Photograph by Rosino

Carved over the centuries by the Dades River, the Dades Gorge is now a very popular destination for travellers in Morocco. Travellers in 4WD (with a guide) can follow a mountain loop (at certain times of the year), following Dades Gorge as far north as Agoudal, then turning south to head for Todra Gorge. It can be accessed from the small town of Boumaine which lies 116 km northeast of Ouarzazate and 53 km from Tinerhir. A sealed road runs for 63 km through the Gorge as far as Msemrir, after that 4WD is necessary. The best time to visit the lower valleys is from March to May and the mountains are best from May to July. [Source]

18. U.S. Route 550 ‘The Million Dollar Highway, Colorado

million-dollar-highway-us-route-550-colorado
Photograph by flamouroux on Flickr

U.S. Route 550 is a spur of U.S. Highway 50 that runs from Bernalillo, New Mexico to Montrose, Colorado in the western United States. The section from Silverton to Ouray is frequently called the Million Dollar Highway. The Million Dollar Highway stretches for about 25 miles (40 km) in western Colorado and follows the route of U.S. 550 between Silverton and Ouray, Colorado. It is part of the San Juan Skyway Scenic Byway. Between Durango and Silverton the Skyway loosely parallels the Durango and Silverton Narrow Gauge Railroad.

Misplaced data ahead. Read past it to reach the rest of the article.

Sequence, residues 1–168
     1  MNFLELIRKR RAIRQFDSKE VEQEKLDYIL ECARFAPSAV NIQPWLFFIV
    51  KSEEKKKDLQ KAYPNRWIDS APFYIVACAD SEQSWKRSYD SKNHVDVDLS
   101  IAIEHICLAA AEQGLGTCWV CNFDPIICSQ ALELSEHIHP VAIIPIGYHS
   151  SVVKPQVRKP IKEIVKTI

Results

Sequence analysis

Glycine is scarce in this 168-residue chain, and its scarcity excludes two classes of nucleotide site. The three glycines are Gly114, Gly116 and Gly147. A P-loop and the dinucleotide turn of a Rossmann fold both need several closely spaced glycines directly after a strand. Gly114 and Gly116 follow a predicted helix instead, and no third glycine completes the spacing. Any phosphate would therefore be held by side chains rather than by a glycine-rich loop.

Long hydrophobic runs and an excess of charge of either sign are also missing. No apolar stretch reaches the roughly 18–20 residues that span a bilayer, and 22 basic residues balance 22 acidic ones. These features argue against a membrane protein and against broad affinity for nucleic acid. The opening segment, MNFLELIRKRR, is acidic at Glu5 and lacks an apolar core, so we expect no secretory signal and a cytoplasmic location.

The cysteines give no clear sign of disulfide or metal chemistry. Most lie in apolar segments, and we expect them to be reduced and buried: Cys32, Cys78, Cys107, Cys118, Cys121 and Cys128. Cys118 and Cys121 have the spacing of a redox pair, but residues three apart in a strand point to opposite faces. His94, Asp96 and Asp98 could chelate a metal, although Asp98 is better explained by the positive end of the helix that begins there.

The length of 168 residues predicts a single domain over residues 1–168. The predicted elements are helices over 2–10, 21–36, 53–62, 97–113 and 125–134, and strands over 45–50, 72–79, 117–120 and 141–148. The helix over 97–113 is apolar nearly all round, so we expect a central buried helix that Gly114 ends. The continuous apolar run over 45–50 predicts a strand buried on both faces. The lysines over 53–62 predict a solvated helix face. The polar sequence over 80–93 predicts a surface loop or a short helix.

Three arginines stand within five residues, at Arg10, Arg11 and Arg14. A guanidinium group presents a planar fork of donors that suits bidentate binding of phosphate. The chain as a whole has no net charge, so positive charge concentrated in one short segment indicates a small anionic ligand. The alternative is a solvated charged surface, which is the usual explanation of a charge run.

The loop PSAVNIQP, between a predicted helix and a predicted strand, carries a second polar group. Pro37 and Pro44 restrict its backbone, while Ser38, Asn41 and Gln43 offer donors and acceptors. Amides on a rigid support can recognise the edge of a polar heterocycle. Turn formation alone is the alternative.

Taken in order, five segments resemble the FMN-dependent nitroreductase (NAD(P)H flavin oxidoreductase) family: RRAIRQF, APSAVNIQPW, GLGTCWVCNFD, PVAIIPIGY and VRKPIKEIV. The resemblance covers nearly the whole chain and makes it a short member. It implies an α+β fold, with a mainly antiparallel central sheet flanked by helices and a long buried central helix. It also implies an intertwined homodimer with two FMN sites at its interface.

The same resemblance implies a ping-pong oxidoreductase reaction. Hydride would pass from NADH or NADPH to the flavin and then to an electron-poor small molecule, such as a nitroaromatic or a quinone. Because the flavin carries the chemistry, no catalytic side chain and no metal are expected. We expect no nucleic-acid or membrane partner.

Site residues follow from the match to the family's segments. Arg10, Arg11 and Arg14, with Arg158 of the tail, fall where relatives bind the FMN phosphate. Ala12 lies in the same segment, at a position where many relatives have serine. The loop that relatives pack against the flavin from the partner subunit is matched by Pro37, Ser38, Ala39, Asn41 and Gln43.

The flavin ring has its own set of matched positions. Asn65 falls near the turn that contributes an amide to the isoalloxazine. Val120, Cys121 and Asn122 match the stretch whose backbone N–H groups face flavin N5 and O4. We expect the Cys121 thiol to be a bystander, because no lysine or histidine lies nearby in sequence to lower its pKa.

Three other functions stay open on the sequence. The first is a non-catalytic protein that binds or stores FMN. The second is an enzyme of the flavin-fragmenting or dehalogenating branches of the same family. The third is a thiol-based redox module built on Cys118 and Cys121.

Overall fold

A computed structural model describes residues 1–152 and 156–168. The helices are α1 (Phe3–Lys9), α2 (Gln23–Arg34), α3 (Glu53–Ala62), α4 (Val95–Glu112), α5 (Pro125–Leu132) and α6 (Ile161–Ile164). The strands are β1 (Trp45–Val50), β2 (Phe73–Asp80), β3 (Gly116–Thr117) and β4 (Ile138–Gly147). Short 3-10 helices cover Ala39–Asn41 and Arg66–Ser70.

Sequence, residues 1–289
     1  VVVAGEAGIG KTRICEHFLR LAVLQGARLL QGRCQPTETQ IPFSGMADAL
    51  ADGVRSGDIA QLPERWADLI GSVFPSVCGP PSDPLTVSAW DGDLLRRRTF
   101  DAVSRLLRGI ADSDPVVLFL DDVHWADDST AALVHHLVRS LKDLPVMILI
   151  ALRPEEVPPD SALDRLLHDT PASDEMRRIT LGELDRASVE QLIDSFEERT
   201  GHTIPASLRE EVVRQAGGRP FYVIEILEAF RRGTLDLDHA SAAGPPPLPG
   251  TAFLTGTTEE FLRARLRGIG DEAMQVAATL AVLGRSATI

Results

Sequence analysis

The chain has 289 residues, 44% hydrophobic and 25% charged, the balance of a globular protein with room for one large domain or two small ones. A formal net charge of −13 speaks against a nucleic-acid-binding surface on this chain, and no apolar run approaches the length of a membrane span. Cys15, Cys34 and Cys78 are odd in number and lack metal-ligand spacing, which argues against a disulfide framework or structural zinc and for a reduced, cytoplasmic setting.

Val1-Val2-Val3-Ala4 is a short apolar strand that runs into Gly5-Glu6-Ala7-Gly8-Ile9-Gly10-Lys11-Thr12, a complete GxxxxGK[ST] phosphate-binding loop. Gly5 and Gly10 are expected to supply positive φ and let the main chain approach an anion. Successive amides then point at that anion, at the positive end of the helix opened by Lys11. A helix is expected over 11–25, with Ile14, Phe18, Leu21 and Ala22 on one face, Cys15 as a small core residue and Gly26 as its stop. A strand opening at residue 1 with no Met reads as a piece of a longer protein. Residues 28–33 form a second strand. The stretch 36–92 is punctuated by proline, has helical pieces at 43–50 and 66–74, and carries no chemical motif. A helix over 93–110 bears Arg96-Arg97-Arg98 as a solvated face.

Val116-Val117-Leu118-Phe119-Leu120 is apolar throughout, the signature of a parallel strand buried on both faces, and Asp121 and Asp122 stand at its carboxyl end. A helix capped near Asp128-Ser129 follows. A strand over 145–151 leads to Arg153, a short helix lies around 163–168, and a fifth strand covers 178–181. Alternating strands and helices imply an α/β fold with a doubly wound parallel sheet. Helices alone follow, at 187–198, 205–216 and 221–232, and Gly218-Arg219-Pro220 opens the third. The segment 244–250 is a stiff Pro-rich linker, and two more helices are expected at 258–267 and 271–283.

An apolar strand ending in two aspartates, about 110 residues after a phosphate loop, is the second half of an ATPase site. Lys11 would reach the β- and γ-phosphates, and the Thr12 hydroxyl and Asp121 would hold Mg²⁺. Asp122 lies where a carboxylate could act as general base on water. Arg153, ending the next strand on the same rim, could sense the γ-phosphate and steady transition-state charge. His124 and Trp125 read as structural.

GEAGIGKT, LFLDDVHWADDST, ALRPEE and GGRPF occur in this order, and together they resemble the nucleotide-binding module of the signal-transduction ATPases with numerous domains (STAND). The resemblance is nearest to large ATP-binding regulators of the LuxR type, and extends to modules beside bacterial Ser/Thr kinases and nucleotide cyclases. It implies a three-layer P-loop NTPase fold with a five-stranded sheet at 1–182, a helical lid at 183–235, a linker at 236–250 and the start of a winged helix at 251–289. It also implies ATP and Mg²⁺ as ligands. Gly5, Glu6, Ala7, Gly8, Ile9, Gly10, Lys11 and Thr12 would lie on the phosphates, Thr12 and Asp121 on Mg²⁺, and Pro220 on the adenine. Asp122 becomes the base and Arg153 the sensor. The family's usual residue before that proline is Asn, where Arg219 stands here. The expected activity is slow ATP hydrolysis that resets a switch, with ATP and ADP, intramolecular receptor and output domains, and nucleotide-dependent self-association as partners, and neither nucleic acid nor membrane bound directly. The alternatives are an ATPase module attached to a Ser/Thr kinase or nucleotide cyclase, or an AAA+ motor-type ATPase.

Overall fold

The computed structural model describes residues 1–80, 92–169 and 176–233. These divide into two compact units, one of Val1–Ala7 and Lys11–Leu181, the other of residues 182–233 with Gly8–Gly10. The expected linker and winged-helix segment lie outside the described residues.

Though the entire stretch has been called the Million Dollar Highway, it is really the twelve miles (19 km) south of Ouray through the Uncompahgre Gorge to the summit of Red Mountain Pass which gains the highway its name. This stretch through the gorge is challenging and potentially hazardous to drive; it is characterized by steep cliffs, narrow lanes, and a lack of guardrails; the ascent of Red Mountain Pass is marked with a number of hairpin curves used to gain elevation, and again, narrow lanes for traffic—many cut directly into the sides of mountains. [Source]

19. Trollstigen, Rauma, Norway

Trollstigen_Norway

Trollstigen (English: Trolls’ Ladder) is a serpentine mountain road in Rauma, Norway, part of Norwegian National Road 63 connecting Åndalsnes in Rauma and Valldal in Norddal. It is a popular tourist attraction due to its steep incline of 9% and eleven hairpin bends up a steep mountain side. Trollstigen was opened on July 31, 1936, by King Haakon VII after 8 years of construction. During the top tourist season about 2,500 vehicles pass daily.